Again, on the Middle East trips, the travel days (oh and there were so many) were a blessing. They forced me to sit and relax, rest, and prepare for the next step. They allowed me to meditate on the days before… what had happened, who I met, what I saw. It was a moment that I otherwise wouldn’t have given myself and a moment necessary for all travelers.
Often I spend so much time planning a trip, some time on the trip, and even less time reflecting the trip. Actually, I often forget what happened… small details… people I encountered, conversations I had. For this reason, the days in between travels are for recording these events… either on paper or in our mind. The moments spent with only ourselves (and the smelly passenger) are the moments we should cherish the most.
I remember waiting at a bus station in Syria somewhere between Palmyra and the Iraq Border and waiting for hours… but more than this I remember the time I had to observe the people and the culture around me. The striking difference in communication between men and men, women and women and men and woman. I remember observing the looks people gave me (being the only foreigner). I remember observing the positions and places where men and women would sit. It was a time of reflection and I see that now.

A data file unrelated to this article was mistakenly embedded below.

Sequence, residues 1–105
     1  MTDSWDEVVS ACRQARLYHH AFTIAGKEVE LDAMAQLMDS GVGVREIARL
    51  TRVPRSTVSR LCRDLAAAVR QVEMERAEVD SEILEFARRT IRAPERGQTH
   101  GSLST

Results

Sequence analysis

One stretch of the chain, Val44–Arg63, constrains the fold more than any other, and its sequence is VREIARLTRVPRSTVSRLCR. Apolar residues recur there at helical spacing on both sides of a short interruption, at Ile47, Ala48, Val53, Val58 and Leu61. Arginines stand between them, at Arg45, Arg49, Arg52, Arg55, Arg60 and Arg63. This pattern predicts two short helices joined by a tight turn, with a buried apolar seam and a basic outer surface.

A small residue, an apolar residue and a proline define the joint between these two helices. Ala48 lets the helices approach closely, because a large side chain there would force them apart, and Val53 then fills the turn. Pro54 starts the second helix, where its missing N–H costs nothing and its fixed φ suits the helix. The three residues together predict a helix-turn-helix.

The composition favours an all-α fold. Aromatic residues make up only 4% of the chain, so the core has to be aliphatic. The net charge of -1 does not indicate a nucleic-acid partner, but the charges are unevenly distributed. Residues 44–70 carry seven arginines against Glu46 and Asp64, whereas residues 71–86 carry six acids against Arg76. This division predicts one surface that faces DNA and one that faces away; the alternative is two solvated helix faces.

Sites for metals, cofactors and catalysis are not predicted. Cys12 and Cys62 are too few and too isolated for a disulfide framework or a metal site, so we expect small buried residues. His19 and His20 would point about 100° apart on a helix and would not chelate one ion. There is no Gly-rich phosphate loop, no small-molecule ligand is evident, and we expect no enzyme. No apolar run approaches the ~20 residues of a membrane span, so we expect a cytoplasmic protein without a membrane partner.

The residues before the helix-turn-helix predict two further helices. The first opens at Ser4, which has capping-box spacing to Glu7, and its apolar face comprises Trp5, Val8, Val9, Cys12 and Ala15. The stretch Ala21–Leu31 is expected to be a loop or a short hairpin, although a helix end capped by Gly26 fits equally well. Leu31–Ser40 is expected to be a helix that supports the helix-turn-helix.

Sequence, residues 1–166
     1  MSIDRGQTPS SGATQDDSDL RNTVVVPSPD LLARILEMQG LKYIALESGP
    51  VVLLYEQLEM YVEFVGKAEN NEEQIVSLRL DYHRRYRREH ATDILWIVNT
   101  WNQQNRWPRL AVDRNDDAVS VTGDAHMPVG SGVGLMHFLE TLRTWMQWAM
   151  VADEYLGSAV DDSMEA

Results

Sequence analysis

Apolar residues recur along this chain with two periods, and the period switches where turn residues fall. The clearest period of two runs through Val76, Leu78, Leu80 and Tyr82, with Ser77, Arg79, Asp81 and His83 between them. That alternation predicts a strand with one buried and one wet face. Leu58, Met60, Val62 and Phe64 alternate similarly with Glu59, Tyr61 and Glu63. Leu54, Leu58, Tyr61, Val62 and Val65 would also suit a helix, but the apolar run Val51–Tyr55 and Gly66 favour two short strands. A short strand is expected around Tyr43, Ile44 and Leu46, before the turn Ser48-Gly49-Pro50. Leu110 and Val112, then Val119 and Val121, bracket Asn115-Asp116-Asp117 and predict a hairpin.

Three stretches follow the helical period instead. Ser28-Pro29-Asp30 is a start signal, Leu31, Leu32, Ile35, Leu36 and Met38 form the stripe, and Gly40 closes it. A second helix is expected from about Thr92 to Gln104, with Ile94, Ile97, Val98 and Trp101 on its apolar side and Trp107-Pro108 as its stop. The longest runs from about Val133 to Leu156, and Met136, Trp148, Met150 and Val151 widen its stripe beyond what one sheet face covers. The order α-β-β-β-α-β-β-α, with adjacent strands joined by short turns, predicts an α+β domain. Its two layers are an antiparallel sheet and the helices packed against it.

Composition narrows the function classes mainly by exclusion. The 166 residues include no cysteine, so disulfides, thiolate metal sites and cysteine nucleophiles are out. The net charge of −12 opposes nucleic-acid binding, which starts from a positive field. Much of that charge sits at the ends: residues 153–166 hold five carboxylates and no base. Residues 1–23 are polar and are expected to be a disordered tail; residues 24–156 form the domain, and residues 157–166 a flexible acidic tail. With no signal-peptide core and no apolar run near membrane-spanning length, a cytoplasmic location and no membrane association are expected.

In the hustle and bustle of traveling I often forget to do the most important thing. Sit. Think. Observe.
Travel days confirm our beliefs or ideas. They contradict and negate others. They anticipate future plans and keep an eye on the present.
Think about it the next time you curse the unforeseen travel day.
p.s.- Especially with an exploding Volcano, travel days seem to be more common over here.
I met up with two of my dear friends from when I lived in Zurich and it was more than grand. Milan was the chosen city because we had an apartment to stay at and thanks to Ryanair we were all able to find cheap flights. I also saw another dear Italian friend who lives there permanently.
I loved meeting up with them and spending quality girl time…gossiping…drinking…shopping…eating…and laughing so hard we cried. I only wish we saw each other more often, but in the end a friend is a friend and the 7 years apart quickly disappeared and it felt like yesterday when we graduated high school all together…so scared and so excited about the world awaiting us.
Until next time girls…I shall love you and miss you.